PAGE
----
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C Pointers and Arrays
University of Texas at Austin
CS310 - Computer Organization
Spring 2009
Don Fussell
Pointers and Arrays
We've seen examples of both of these
in our LC-3 programs; now we'll see them in C.
Pointer
Address of a variable in memory
Allows us to indirectly access variables
rather than its value
Array
A list of values arranged sequentially in memory
Example: a list of telephone numbers
Expression a[4] refers to the 5th element of the array a
University of Texas at Austin
CS310 - Computer Organization
Spring 2009
Don Fussell
2
Sometimes we want to deal with the address
of a memory location,
rather than the value it contains.
value
Recall example from Chapter 6:
x3107
x3100
x2819
x3101
R2 contains address of first location.
increment R2 until all numbers
have been processed.
R2
x3100
x0110
x3102
x0310
x3103
x0100
x3104
x1110
x3105
x11B1
x3106
x0019
x3107
R2 is a pointer -- it contains the
address of data we’re interested in.
University of Texas at Austin
CS310 - Computer Organization
Spring 2009
Don Fussell
3
Consider the following function that's supposed to
swap the values of its arguments.
void Swap(int firstVal, int secondVal)
{
int tempVal = firstVal;
firstVal = secondVal;
secondVal = tempVal;
}
University of Texas at Austin
CS310 - Computer Organization
Spring 2009
Don Fussell
4
Executing the Swap Function
before call
after call
tempVal
3
Swap
These values
changed
R6
R6
firstVal
firstVal
3
4
secondVal
secondVal
4
3
valueB
valueB
4
4
valueA
valueA
3
3
main
but
these
did not.
Swap needs addresses of variables outside its own
activation record.
University of Texas at Austin
CS310 - Computer Organization
Spring 2009
Don Fussell
5
Pointers in C
C lets us talk about and manipulate pointers
as variables and in expressions.
Declaration
int *p;
/* p is a pointer to an int */
A pointer in C is always a pointer to a particular data type:
int*, double*, char*, etc.
Operators
*p -- returns the value pointed to by p
&z -- returns the address of variable z
University of Texas at Austin
CS310 - Computer Organization
Spring 2009
Don Fussell
6
Example
int i;
int *ptr;
store the value 4 into the memory location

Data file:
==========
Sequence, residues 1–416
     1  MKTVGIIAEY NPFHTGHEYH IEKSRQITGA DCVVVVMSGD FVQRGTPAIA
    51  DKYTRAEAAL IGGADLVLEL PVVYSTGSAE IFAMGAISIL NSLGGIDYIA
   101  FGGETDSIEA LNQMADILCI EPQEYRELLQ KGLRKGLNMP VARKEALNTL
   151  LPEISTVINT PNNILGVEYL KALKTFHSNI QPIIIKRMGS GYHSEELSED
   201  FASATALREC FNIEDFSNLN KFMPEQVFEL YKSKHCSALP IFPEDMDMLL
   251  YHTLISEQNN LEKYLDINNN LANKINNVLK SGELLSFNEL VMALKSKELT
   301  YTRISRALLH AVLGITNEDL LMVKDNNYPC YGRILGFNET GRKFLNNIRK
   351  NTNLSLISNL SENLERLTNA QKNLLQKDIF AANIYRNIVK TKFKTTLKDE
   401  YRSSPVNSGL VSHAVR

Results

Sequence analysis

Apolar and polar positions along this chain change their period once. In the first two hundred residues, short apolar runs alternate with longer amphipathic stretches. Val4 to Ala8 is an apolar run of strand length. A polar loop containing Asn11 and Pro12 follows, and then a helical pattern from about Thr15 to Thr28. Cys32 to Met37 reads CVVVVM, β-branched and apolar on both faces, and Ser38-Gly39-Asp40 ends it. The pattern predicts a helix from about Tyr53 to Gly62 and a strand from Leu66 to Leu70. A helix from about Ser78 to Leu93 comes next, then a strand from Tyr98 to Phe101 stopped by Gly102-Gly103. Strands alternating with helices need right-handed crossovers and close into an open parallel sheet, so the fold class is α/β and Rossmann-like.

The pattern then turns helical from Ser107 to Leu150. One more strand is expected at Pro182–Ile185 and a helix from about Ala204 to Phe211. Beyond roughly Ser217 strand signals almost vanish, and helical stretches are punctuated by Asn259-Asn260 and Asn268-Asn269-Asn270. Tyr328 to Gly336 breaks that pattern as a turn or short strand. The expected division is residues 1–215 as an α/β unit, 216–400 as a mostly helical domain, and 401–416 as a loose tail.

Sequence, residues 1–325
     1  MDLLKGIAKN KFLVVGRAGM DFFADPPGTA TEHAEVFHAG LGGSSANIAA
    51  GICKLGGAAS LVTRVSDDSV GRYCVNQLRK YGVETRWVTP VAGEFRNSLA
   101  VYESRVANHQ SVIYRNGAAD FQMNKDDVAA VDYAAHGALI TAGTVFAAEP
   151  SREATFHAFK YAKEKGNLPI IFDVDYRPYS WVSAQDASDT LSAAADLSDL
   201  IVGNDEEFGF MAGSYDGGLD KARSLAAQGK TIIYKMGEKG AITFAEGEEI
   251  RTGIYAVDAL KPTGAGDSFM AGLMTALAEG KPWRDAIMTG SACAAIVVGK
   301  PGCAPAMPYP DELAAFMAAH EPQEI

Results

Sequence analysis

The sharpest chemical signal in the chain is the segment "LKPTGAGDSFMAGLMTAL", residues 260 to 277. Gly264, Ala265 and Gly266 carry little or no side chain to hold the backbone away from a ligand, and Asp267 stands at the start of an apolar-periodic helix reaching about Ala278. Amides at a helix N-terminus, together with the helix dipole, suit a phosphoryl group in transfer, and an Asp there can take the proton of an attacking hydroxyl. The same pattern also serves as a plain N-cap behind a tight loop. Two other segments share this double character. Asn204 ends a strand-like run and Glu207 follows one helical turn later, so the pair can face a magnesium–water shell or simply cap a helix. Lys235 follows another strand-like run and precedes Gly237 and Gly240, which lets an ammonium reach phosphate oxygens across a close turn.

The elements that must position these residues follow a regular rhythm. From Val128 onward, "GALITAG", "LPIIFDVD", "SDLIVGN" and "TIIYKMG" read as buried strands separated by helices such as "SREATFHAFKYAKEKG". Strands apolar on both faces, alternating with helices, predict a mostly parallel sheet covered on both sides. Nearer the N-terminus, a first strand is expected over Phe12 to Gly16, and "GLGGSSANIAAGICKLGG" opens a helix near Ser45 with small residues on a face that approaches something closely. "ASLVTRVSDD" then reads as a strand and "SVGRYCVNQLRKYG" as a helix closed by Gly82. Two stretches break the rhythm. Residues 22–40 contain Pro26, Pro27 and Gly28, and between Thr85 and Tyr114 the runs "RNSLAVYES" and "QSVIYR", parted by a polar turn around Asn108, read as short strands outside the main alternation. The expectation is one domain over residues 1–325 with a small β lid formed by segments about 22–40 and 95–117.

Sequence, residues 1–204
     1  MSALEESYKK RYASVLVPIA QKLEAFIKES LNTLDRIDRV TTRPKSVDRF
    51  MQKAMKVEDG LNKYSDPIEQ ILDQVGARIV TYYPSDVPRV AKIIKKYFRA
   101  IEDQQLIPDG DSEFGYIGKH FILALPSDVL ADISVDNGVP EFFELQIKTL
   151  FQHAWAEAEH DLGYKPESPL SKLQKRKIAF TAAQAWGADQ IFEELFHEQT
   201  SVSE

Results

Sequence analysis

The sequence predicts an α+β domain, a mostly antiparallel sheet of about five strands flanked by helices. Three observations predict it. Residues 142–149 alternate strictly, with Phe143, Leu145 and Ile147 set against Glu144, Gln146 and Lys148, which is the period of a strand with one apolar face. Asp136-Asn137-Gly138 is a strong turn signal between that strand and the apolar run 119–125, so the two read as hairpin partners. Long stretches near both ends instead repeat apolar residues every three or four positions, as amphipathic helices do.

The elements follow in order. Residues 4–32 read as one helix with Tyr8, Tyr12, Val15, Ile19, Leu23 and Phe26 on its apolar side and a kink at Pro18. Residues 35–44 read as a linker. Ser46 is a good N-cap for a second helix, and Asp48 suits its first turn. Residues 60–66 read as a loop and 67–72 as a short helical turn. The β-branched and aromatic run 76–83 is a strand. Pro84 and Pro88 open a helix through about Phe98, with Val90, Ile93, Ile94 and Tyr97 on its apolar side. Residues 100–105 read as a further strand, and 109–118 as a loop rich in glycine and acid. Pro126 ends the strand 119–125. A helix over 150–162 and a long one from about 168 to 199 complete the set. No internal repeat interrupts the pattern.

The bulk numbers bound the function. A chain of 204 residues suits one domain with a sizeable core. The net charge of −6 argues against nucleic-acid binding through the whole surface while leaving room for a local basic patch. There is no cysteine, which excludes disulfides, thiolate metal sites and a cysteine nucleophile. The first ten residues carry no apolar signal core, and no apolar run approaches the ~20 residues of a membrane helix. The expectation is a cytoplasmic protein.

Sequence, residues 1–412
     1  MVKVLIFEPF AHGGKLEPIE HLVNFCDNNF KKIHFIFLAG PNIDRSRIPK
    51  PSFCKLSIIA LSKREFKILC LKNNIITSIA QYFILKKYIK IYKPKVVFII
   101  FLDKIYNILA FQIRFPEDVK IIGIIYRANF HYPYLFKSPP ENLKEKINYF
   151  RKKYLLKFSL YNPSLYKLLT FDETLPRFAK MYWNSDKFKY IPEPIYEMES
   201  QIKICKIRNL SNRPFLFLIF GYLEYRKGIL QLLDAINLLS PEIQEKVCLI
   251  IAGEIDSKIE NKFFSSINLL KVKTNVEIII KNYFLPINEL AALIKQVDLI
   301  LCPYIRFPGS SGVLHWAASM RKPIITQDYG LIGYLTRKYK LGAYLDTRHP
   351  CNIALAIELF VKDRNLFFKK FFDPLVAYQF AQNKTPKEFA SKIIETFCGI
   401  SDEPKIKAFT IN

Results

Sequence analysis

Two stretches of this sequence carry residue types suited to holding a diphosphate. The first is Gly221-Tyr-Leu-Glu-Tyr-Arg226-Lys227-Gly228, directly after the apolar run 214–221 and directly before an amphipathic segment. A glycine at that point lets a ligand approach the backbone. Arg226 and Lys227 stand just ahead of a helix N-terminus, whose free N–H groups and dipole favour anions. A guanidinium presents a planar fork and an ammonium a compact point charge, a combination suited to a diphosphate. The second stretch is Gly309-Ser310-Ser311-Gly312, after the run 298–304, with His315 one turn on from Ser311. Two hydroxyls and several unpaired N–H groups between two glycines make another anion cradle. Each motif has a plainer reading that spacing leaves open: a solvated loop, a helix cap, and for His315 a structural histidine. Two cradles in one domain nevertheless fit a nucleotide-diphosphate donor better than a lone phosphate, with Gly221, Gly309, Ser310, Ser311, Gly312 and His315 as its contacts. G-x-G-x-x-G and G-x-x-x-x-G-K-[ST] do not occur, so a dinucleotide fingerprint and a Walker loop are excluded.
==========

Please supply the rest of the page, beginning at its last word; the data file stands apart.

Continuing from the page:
associated with i
i = 4;
ptr = &i;
store the address of i into the
memory location associated with ptr
*ptr = *ptr + 1;
at the address stored in ptr
store the result into memory
at the address stored in ptr
University of Texas at Austin
CS310 - Computer Organization
Spring 2009
Don Fussell
7
Example: LC-3 Code
; i is 1st local (offset 0), ptr is 2nd (offset -1)
; i
= 4;
AND
R0, R0, #0 ; clear R0
STR
R0, R0, #4
R0, R5, #0
; put 4 in R0
; store in i
; ptr
=
&i;
R0, R5, #0
; R0 = R5 + 0 (addr of i)
STR
R0,
R5,
#-1 ; store in ptr
; *ptr
=
*ptr + 1;
LDR
R0, R5, #-1 ; R0 = ptr
LDR
R1, R0, #0
;
R1, R1, #1 ; add one
STR
R1, R0, #0
;
store result where R0 points
University of Texas at Austin
CS310 - Computer Organization
Spring 2009
Don Fussell
8
Pointers as Arguments
Passing a pointer into a function allows the function
to read/change memory outside its activation record.
void NewSwap(int *firstVal, int *secondVal)
{
int tempVal = *firstVal;
*firstVal = *secondVal;
*secondVal = tempVal;
}
Arguments are
integer pointers.
of variables that it wants
function to change.
University of Texas at Austin
CS310 - Computer Organization
Spring 2009
Don Fussell
9
Passing Pointers to a Function
main() wants to swap the values of valueA and valueB
tempVal
NewSwap(&valueA, &valueB);
R6
firstVal
Code for passing arguments:
xEFFA
xEFF9
secondVal
ADD R6, R6, #-1 ; push
STR R0, R6, #0
4
valueB
R5
3
valueA
ADD R6, R6, #-1 ; push
STR R0, R6, #0
xEFFD
University of Texas at Austin
CS310 - Computer Organization
Spring 2009
Don Fussell
10
Code Using Pointers
Inside the NewSwap routine
; int tempVal = *firstVal;
R6
3
tempVal
LDR
R0, R5, #4 ; R0=xEFFA
R5
LDR
STR
R1, R0, #0 ; R1=M[xEFFA]=3
R1, R5, #4 ; tempVal=3
;
*firstVal = *secondVal;
xEFFA
firstVal
LDR
LDR
STR
R1, R5, #5 ; R1=xEFF9
R2, R1, #0 ; R1=M[xEFF9]=4
R2, R0, #0 ; M[xEFFA]=4
xEFF9
secondVal
3 valueB
4 valueA
;
*secondVal = tempVal;
LDR
STR
R2, R5, #0 ; R2=3
R2, R1, #0 ; M[xEFF9]=3
xEFFD
University of Texas at Austin
CS310 - Computer Organization
Spring 2009
Don Fussell
11
Null Pointer
Sometimes we want a pointer that points to nothing.
In other words, we declare a pointer, but we’re not ready
to actually point to something yet.
int *p;
p = NULL;
/* p is a null pointer */
NULL is a predefined macro that contains a value that
a non-null pointer should never hold.
Often, NULL = 0, because Address 0 is not a legal address
for most programs on most platforms.
University of Texas at Austin
CS310 - Computer Organization
Spring 2009
Don Fussell
12
Using Arguments for Results
Pass address of variable where you want result stored
useful for multiple results
Example:
return value via pointer
return status code as function result
This solves the mystery of why ‘&’ with argument to
scanf:
scanf("%d ", &dataIn);
and store in dataIn
University of Texas at Austin
CS310 - Computer Organization
Spring 2009
Don Fussell
13
Syntax for Pointer Operators
Declaring a pointer
type *var;
type* var;
Either of these work -- whitespace doesn't matter.
Type of variable is int* (integer pointer), char* (char pointer), etc.
Creating a pointer
&var
Must be applied to a memory object, such as a variable.
In other words, &3 is not allowed.
Dereferencing
Can be applied to any expression. All of these are legal:
*var
contents of mem loc pointed to by var
**var
*3
contents of mem loc pointed to by
memory location pointed to by var
contents of memory location 3
University of Texas at Austin
CS310 - Computer Organization
Spring 2009
Don Fussell
14
Example using Pointers